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Putting a number on it: should you tell your child how much money you make?

A stack of  20 dollar bills
A stack of 20 dollar bills
Photo by Andy/athrasher via Flickr Creative Commons

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For some parents, discussing money with kids might be a topic even more dreaded than “the birds and the bees.”

And while most financial planners agree that you should talk to your child about finance early, there’s disagreement about whether revealing your salary should be part of this financial conversation. In this recent Wall Street Journal piece, one planner argues that a frank discussion of money, including the numbers, can give a child an understanding of the household budget. It will give a child a sense of why mommy can’t afford that toy, for example, and also promote financial literacy.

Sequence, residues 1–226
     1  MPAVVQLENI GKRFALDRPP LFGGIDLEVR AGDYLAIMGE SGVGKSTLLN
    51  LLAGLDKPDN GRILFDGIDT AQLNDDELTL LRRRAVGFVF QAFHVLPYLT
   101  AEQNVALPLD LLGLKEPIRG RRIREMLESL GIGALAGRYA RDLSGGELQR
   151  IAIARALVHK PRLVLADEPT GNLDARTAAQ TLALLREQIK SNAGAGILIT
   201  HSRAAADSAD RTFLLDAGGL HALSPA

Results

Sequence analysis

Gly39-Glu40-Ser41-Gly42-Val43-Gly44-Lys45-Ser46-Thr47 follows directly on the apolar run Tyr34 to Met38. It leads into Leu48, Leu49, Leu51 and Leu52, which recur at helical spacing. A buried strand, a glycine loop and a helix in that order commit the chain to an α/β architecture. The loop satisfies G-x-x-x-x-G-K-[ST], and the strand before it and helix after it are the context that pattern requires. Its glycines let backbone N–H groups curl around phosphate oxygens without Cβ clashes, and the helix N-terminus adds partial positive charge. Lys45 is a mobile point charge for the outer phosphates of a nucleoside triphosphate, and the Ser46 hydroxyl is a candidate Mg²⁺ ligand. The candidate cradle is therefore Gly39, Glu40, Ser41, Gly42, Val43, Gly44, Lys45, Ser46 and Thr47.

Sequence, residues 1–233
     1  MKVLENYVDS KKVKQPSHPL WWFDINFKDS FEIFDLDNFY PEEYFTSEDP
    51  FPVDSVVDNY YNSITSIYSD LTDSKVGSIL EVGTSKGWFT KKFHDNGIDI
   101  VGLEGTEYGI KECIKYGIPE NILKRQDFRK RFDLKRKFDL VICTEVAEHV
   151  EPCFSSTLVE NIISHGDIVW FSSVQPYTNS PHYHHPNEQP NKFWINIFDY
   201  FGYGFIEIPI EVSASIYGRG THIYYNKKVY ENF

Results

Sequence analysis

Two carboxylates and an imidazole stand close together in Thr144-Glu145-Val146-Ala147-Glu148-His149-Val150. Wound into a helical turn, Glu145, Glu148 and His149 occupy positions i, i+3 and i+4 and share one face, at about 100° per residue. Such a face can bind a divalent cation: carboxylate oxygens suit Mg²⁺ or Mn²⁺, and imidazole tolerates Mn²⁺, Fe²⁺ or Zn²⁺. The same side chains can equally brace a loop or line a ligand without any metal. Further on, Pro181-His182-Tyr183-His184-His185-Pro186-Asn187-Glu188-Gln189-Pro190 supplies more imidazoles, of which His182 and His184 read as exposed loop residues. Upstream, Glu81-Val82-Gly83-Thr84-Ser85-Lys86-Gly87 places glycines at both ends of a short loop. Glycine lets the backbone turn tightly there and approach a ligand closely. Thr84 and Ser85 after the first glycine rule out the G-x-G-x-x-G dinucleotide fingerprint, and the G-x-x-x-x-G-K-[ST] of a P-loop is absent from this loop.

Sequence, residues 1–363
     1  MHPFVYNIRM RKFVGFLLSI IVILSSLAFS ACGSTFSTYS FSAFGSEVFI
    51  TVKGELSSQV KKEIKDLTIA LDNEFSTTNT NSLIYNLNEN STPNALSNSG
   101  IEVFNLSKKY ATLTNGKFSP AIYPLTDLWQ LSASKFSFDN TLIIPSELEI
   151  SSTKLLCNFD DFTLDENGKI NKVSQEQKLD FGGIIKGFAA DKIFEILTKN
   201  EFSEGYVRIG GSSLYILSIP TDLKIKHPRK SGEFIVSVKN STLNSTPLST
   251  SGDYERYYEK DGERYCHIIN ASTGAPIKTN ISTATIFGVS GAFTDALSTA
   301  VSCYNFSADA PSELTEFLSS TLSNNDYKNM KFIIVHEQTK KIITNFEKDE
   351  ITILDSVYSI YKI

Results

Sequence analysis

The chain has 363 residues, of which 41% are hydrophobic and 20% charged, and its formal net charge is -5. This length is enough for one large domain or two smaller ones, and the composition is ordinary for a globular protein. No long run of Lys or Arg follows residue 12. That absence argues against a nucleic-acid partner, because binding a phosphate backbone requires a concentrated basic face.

Another analyst disagrees, arguing that going into the specifics of salary may actually skew a child’s understanding of money, if they don’t have an understanding of all the other variables that are involved in their parents’ financial calculations.

For some parents with an unstable financial situation, the decision to keep money matters opaque may be about protecting their kids from anxiety. While for a well-off family, too clear of an understanding of wealth might make a child big headed or unmotivated. Then again, for many kids, the home is the only place where they’ll be exposed to real financial planning or decision making.

How have you navigated the salary conversation with your child? Is there an age at which you decided that the conversation was appropriate? How has your cultural or financial background influenced this decision?

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Jayne Pearl, freelance writer covering financial parenting and family business; she is the co-author of the book “Kids, Wealth and Consequences: Ensuring a Responsible Financial Future for the Next Generation” (Bloomberg Press, 2010)